Christmas in July continues with this cute snowman and his three feathered friends!
As stitched, "Merry Christmas" uses shades of red, green, white, gray, brown, black, and orange. It features a snowman standing in a snowdrift beneath an evergreen swag. A bird is perched on his mitten and two more are standing nearby. Next to the snowman, a pair of ice skates are hung underneath a birdhouse, and snow is falling all around. "Merry Christmas" is written below.
PATTERN DETAILS: The model was stitched on 30 ct. Portobello Linen using 2 ply thread. The design uses whole stitches only. The stitch count is 78w x 97h and the finished design measures approximately 5"w x 7 1/8"h when stitched on that fabric. I chose to use overdyed threads from Weeks Dye Works for the red and green to help add a little extra texture. (Bonus: Weeks Dye Works has shifted to using colorfast dyes! Win!) The other suggested floss colors are from DMC. WHERE TO BUY: If you would like to buy directly from me, you can find the pattern by clicking here. (If you'd like to bookmark the website for the Cherry Hill Stitchery Etsy Shop, it is www.etsy.com/shop/cherryhillstitchery.) If you would like to purchase from a shop for the convenience of ordering supplies and the pattern with one purchase, the list of authorized CHS shops can be found by clicking here. FRIENDLY REMINDER: If you see this or any other CHS pattern on *any* other website than the ones listed in the blue link above, please be aware that they are stolen. Help fight copyright infringement by buying from reputable sellers or directly from the artist. If there is any question, check the list in the link ;). CHS patterns are priced to be affordable for all stitchers. Help keep prices low by purchasing your own copy and not sharing with friends. Thanks! FINISH DETAILS: This was finished as a mounted flat. Flats are quick, they store compactly for those of you who are tight on space, and they are an economical and adorable way to get your pieces out on display. You can also purchase all the supplies online, so they are a great option for those of you who need to be cautious about venturing out right now. Personally speaking, I love that they let me combine my obsessions with fabric and cross stitch in a single project ;). RECREATE THE LOOK: I have tutorials that explain how to make a flat (found here), so I won't rehash the how-to. Instead, here are specifics that are unique to this piece. Cording - I used 8 lengths of the full 6 ply DMC thread (color 310) to get the thickness of cording seen on the model. Normally I use six, but I felt like a slightly thicker rope this time would balance out the stitched size. Plan on using 2 skeins to achieve that thickness. My favorite stitchy tool *ever* is my Kreinik corder, so it is in the picture too, just because it makes me happy.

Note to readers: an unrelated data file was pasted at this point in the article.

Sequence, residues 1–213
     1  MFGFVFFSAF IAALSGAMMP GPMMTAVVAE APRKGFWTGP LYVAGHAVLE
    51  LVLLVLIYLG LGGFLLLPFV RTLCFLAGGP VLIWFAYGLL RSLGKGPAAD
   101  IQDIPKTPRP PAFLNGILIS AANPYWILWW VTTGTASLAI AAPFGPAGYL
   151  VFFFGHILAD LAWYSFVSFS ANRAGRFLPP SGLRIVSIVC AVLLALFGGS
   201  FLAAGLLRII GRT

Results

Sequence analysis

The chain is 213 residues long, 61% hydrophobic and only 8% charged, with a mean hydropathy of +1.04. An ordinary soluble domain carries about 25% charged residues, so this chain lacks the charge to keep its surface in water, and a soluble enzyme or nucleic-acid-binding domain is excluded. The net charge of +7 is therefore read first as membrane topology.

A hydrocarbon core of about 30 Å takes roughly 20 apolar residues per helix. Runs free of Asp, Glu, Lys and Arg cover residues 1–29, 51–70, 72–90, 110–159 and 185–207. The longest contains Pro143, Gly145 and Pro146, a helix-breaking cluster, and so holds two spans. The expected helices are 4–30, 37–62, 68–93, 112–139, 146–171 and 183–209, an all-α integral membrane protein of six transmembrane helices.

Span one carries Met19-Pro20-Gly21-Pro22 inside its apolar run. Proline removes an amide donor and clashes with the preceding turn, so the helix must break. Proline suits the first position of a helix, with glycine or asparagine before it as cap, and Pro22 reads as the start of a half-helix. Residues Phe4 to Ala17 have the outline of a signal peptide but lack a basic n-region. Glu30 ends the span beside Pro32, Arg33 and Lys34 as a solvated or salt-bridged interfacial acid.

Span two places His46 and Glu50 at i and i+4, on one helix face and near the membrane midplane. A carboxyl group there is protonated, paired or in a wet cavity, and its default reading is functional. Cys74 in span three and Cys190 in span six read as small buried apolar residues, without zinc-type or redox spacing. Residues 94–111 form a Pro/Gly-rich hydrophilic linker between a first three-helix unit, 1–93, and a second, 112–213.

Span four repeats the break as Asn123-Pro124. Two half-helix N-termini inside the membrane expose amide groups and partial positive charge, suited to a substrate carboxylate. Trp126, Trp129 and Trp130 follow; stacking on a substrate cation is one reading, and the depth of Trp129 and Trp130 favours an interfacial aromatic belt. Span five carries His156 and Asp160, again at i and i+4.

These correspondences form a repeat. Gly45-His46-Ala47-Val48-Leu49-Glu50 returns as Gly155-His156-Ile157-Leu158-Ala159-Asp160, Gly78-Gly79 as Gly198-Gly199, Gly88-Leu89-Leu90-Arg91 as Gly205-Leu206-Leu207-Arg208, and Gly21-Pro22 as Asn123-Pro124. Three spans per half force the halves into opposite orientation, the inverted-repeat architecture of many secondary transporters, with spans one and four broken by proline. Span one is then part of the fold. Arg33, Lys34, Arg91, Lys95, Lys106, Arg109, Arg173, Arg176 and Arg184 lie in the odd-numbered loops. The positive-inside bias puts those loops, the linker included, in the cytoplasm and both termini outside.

To get the length, I cut each 6 ply skein a loose 3x the length of the perimeter of the mounted piece.
This is what I'm talking about when I say "mounted piece"--It's the finished design glued to backing board/chip board. (FYI- I *always* use craft batting between my pieces and the backing board because I feel like the finish looks smoother that way.)
This is is what it looks like with the cording attached.
Bow - For the base ribbon, I used a fun 1.5" black and white check wire-edged roll that I found at Michelle's ADOORable Creations on Etsy. (I love, love, love her super-cute, curated collection!) At the time of this writing, there was only one roll of this specific ribbon left, but she has a ton of other fantastic options that would work great with cross stitch finishes. I'll go ahead and link to the ribbon here. If it's sold out, just look around her shop a bit. You may find other options that may work instead!
Bow - I have a tutorial on how I make my bows (found here), but the one for this model was just a smidge different. Let me walk you through how I did it with some photos.
I cut an 11" segment and shaped it into a bow piece using the method from the tutorial. I also cut an 8" segment that I left alone.
I stacked the bow piece over the top of the straight segment so the right side of the ribbon was facing up. I roughly centered the bow piece on top of the straight piece.
I wrapped the straight segment around the center pleat in the bow piece...
...and then folded the extra bulk from the straight piece back against the pleat on the bow piece so that the right side was facing out.
I used this type of floral wire...
...to wrap the two ribbon pieces together at the center pleat, preserving the backwards fold.
I took a minute to fluff/adjust/straighten everything once the center was secure. This is what it looked like when I was done.
I clipped the tails to even them up and make the ends inverted V's. I used the "awareness ribbon method" from the bow tutorial to shape a 3/8" black satin ribbon (Offray) into a smaller bow, which I stacked on top of the buffalo check bow and hot glued into place. I trimmed the ends of the black bow horizontally. I used a brick red button from a bulk button pack (Source: my stash, but it was originally from Walmart) as the centerpiece and used hot glue to adhere it in place. All the ends were sealed with Fray Check. This was the result:
A few last things. The backing board that I used the mount the stitched piece was cut to have 1/2" margins around the stitching.
...and the backing board that I used underneath the white houndstooth on the model was cut with margins one inch larger than the mounted piece. Honestly, one inch margins with this design felt a little small to me. In hindsight, if that were all I was using, I probably would do 1.5" - 2" margins for the fabric-wrapped pieces just to help balance the scale of the stitched design a bit better. Hope that helps! As always, feel free to contact me if you have any questions! Happy Stitching,